eps to jpg conversion - which program?
freebsd at edvax.de
Sun Nov 9 00:01:37 PST 2008
On Sat, 8 Nov 2008 23:36:32 -0800, Jeremy Chadwick <koitsu at freebsd.org> wrote:
> Also, what guarantee do you have that all the filenames that match that
> wildcard lack spaces in them? Your [ and convert commands will botch
> badly in that case. See below.
This is completely correct. If files are present as foo.EPS,
the "Windows" style of file naming, or foo.Eps in a mixed form,
the *.eps wouldn't catch it.
As you mentioned, it's good to assume the worst case. Not only
spaces, as well special characters. Now *that's* the real fun. :-)
John at Foobar sent me | Copy  of C:\My Files\A&V with ö and ß.Eps
Another mentionable comment would be: "Why do you call the variable
just $f? Give it a better descriptive name." In this small example,
it won't lead into significant problems if you don't do it, but I've
seen shellscripts using $f, $f1, $f2, $g, $h, $y all over the file,
and it was hard to find out which values they should hold.
> What people often forget while writing sh scripts is that spawning
> external utilities slows down the script greatly, and destroys system
> resources. You might think "My machine has 923484390GB of RAM, and has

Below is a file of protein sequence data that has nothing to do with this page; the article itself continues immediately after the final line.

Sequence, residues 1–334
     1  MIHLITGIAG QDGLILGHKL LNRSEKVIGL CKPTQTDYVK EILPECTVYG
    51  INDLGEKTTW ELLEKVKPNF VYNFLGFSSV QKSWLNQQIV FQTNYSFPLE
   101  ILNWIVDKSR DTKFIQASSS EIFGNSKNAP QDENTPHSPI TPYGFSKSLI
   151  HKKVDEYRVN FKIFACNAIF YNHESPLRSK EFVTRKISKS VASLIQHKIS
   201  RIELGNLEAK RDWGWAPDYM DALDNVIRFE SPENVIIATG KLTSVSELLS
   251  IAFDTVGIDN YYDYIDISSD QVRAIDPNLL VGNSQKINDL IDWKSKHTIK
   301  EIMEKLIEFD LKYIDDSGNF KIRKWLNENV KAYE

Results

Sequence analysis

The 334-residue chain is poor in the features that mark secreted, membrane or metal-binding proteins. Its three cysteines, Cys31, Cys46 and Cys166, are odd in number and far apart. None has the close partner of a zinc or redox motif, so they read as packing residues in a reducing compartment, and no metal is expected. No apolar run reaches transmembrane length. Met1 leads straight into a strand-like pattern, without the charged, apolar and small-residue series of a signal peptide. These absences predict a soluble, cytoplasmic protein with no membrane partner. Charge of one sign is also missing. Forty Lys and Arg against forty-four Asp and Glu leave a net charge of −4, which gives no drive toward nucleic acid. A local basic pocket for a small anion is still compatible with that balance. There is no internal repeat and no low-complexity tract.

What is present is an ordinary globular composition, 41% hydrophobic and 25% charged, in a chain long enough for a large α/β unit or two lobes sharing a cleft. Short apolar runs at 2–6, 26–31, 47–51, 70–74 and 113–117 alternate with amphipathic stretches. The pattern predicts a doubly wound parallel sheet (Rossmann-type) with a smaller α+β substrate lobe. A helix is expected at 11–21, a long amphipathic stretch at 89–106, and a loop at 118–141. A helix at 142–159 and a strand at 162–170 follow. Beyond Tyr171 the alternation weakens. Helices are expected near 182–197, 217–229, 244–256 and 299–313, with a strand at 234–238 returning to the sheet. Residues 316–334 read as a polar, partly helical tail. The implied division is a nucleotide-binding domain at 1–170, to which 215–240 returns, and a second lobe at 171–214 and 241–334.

> 6500 processors; why do I care?" -- step back for a moment and think
> about older/smaller boxes, or even more importantly, embedded machines
> (very little memory, very little CPU).
Hey, that's how software development helps hardware development,
or at least software development in Redmond. :-)
Hardware ressources ++
Overall usage speed = ------------------------ = const.
Software requirements ++
> Also think about situations where fork() will fail due to resource
> limits or existing system resource exhaustion; what then? I see this
> regularly in perl scripts; people relying on `xxx` for no good reason.
> I ask them, "Why are you doing this? Can you not use <native-perl-code>
> instead, and avoid wasting resources and excessive risk?", and they
> often have no idea what I'm talking about. And whenever I see `ssh
> user at host "command"` in perl scripts, I cry.
Ooow! Is this for real? If it is, it's a reason to hit someone's
head with the keyboard. :-)
> That in mind, don't let your scripting mimic that of "perl bastards" who
> *intentionally* write obfuscated code just to "show off" (often citing
> "its faster" as the reason, choosing to intentionally ignore that perl
> is a compiled language). For complex pieces of sh that are hard to
> visually parse: try to keep it simple, and take the time to write
> decent/legible comments above the hairy part of the script.
Indentation, comments and descriptive identifiers help a lot.
If you read FreeBSD's (scripting) sources, you'll see that they
are of high quality.
> Also remember that double-quoting filenames or variables that are used
> as filenames is a VERY good idea. Filenames with spaces are quite
> common these days. It's best to assume the worst, but not be *too*
Especially when you're intending to use a piece of software,
even if it's just a three line shell script, more than just one
time, or if you want to share it with others.
>From Magdeburg, Germany
Happy FreeBSD user since 4.0
Andra moi ennepe, Mousa, ...
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